Charity, proof scarcity doesn't always increase prices.

November 2, 2012 · Posted in abundance, economics, sharing · Comments Off on Charity, proof scarcity doesn't always increase prices. 

Sharing electricity with victims of Hurricane Sandy.Economic theory states that scarcity increases prices; but, exactly the opposite occurs. People share with their neighbors.

Widespread power outages is the definition of scarcity. The people people without electricity clearly have a need. Why didn’t it lead to massive profit taking? In a real free market there is another choice, it’s call charity.

The person sharing their electricity didn’t have a scarcity, they had an abundance, more than they needed. The value of helping people in need outweighed any monetary profit or the hassle involved in selling access to electricity. This situation shows that given the choice people gladly share. If there isn’t a significant cost involved sharing people will share.

Crowd sourcing math, value of life

April 4, 2011 · Posted in economics · Comment
When speed limits in the USA were raised from 55 to 65 death rates also increased. The economic value of the lives lost amazingly equaled the average lifetime income.

Everyday people choose between ways to spend their time and money. They calculate the relative value of each and decide which best achieves their goals. Individually these choice can seem haphazard, irrational and even counter productive.

An economic decision is a choice that means giving up thing to get another. Another name is a trade off. Depending on the conditions of a particular situation the relative value changes. A man in a hot desert would more highly value a glass of water than a fancy winter coat. The same man would prefer the coat to the water if he were in the arctic.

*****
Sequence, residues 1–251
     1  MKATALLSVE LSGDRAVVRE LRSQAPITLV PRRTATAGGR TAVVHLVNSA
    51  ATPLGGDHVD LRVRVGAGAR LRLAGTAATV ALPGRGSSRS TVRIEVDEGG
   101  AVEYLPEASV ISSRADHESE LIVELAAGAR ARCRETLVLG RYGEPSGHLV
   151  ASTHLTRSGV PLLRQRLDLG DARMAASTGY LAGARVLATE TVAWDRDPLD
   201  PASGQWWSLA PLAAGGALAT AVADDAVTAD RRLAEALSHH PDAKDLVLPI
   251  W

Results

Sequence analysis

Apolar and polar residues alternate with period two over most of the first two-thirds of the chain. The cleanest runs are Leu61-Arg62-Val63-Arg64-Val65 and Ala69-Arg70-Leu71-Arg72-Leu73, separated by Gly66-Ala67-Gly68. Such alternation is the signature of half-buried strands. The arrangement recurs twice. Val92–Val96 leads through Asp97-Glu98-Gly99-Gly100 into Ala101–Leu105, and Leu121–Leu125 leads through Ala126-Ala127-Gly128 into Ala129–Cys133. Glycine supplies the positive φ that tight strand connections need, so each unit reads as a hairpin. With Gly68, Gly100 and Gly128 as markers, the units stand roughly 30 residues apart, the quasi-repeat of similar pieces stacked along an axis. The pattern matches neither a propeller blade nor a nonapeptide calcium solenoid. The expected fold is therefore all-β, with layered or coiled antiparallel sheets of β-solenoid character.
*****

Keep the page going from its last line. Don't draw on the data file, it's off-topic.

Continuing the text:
Poor people often take great risks to earn a living than wealthier people precisely because it is to enable living. When those same people are wealthier they will take less risks. This is the main reason certain industries have moved from wealthy post-industrial nations to less developed nations. As those nations improve economically those jobs will be replaced by technology.

Ideas for further research.

Compare other risk reward ratios to create a formula between maximum loss, dying, and zero loss. This could explain crime and be useful for determining effective deterrents to crime and enticements to other occupations.

Is Your Product Too Expensive? How to calculate price and cost.

August 12, 2010 · Posted in innovation, strategy · Comment 

How to price your products to maximize demand and profit and create a strong business strategy using the Predictive Innovation® with Flying Cars as an example

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